"Soul sleep" is a fairly unobjectionable doctrine that supposes, quite simply, that between the time of our individual deaths, and the time of the final resurrection and judgment, we will be in an "unconscious" state. There are undoubtedly many variations on the theme, and the doctrine is held generally by a number of groups (both orthodox and unorthodox), but we will concern ourselves here with the core contention of unconsciousness between death and new life.
The following arguments in favor of it are taken from a wide variety of sources, and we will organize by Scripture cite. We will not address cites tied in with the doctrine of annihilation, which hold that the wicked soul "dies" without returning to consciousness, as we consider such arguments covered by this article.
Coverage of this issue begins well with consideration of a broader and related issue, that of the nature of the relationship between what is called the body, soul, and the spirit. Soul sleep advocates speak disparagingly of a "dualist" line of thinking which sees these as separate entities, and regard these entities as a holistic total that is inseperable.
Previously and in other contexts we have noted that under the Semitic Totality Concept a man is a unity. But this does not necessarily equate with the constituent elements being inseparable; it simply means that to make a whole man, the elements "belong" together. The question would remain as to whether the elements can indeed exist separately and whether a practical dualist view is warranted in terms of the afterlife.
In this regard I have noted some confusion of terms. Our primary source for support of this doctrine, Adventist scholar Samuel Bacchiochi, in an essay called The Human Soul, at first says, "Those who believe their nature is wholistic, consisting of an indivisible whole where body, soul, and spirit are only characteristics of the same person, generally envision a destiny where their total mortal person will be resurrected either to eternal life or eternal death." But in the next paragraph he says:
On the other hand, those who believe their nature is dualistic, that is, consisting of a material, mortal body and a spiritual, immortal soul, generally envision a destiny where their immortal souls will survive the death of their body and will spend eternity either in the bliss of paradise or in the torment of hell.
What happened here? Bacchiochi turned the three (spirit, soul, body) into two (body, soul) and left the spirit in the dust, so to speak, or collapsed it adverbially into the soul. Later he seems to regard "soul" and "spirit" as synonyms: "The body and the soul, the flesh and the spirit, are characteristics of the same person and not detachable components that come apart at death."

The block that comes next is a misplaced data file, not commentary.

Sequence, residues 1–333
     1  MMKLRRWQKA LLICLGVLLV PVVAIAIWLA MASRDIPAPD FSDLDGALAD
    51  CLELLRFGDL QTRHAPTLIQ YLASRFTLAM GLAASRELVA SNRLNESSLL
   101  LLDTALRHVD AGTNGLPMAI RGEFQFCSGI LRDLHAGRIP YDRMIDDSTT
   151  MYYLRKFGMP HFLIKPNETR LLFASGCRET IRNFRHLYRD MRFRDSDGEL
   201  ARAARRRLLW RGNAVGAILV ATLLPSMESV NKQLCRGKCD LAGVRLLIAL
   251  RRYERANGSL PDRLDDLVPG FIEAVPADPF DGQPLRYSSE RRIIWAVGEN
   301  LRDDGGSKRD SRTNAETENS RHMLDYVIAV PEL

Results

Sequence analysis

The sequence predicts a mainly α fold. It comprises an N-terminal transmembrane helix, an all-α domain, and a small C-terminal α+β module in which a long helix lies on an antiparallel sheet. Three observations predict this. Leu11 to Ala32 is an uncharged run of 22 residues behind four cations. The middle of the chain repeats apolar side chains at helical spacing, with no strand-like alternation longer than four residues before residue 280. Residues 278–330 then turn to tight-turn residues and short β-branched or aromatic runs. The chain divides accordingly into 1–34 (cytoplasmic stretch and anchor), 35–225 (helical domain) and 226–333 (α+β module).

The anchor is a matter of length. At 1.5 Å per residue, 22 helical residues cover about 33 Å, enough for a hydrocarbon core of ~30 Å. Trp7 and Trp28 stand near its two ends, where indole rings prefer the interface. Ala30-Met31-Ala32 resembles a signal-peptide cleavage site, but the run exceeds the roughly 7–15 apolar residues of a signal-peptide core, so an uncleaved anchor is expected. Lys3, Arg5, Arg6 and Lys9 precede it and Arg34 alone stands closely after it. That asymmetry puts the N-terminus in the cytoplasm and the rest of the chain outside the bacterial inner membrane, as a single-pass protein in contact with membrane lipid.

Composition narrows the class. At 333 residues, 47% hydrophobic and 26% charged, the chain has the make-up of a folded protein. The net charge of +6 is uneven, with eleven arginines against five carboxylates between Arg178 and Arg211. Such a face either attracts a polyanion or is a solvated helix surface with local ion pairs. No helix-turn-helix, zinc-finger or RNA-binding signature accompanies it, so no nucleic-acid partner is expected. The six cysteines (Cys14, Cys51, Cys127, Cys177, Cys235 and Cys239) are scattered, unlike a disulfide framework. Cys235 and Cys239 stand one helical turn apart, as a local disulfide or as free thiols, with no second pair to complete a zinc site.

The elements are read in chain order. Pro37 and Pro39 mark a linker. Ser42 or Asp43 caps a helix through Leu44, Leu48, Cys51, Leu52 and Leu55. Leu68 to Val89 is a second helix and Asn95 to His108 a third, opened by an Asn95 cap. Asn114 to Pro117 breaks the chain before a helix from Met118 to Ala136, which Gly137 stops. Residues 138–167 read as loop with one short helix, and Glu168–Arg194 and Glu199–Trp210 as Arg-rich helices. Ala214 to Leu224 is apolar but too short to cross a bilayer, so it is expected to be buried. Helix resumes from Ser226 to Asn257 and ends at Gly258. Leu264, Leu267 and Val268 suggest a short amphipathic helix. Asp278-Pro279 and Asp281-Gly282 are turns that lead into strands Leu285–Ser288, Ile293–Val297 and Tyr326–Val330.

It is perhaps true that "soul" and "spirit" are used interchangeably today, and may have been used thusly in NT Greek (cf. Luke 1:46-7 [?!?]), but that clearly was not the case in the OT. Note even to begin the variation in the Hebrew words: "spirit" is ruach, and "soul" is nephesh.
In general and by appearances, we would suggest the thesis that the "soul" as defined here is the combination of the body and spirit, which creates the unified whole of a person (or an animal -- cf. Gen. 1:21). Bacchiochi speaks of combating the idea that the "soul" is an immortal substance, but if that is his argument, he seems to be fighting the wrong battle.
Bacchiochi offers a thorough and informative analysis of the various uses of "soul" (nephesh) in the OT, and every one of these supports the idea of the nephesh as the combined body and spirit. If these two elements were a composite that made a man a man, it is quite sensible that both are affected in times of trouble, experience emotion, and sin, and that the nephesh dies when the body is killed, as Bacchiochi clearly shows.
Indeed, he quotes one commentator as saying, "The Hebrew did not divide and assign human activities. Any act was the whole nephesh in action, hence, the whole person." This matches as well with the NT triple-combo of psyche (soul), soma (body), and pneuma (spirit) as the words are used by the writers of the NT (though the Greeks seem to have overlapped the words in usage somewhat, and some dictionaries and resources, in defining the words, use them to define each other -- perhaps reflecting our own modern confusion of the terms.
The question we wish to pose, then, is not, according to the Bible, "Does the soul survive death?" but, "Does the spirit survive death?" Bacchiochi correctly notes that the NT distinguishes soul and spirit (1 Thess. 5:23, Heb, 4:12) and also rightly decries those who regard "spirit" and "soul" as complete synonyms. But he never gets around (where we have read) to a full discussion of what exactly man's "spirit" is and what happens to it after death.
The word is often used figuratively of one's emotional attitude (i.e., a "revived spirit") but it is clearly also used to refer to sentient entities (both good and evil) and -- as classically formulated in James 2:26 ("For as the body without the spirit is dead, so faith without works is dead also.") is clearly a separably identifiable entity within a human, whatever its condition after a body dies.
2 Cor. 5, Paul's excursus on the resurrection body compared to the old one, uses the metaphor of a tent, which suggests, obviously, an "inhabitant" -- though where exactly the "inhabitant" rests and in what state is not stated. Hebrews 4:12 confirms this, speaking of the "division of soul and spirit" comparably to bones and marrow -- the latter being a component of the former.
It should be noted first of all that "spirit" being described in terms of "breath" should not by any means be taken to assume that the two are the same thing. As various organs are connected with certain things by the Hebrews (see more here) so it is that we would expect the spirit to be linked to a certain part of us -- the equation no more makes the two the same thing than we may assume that kidneys do not exist because they are called "reins".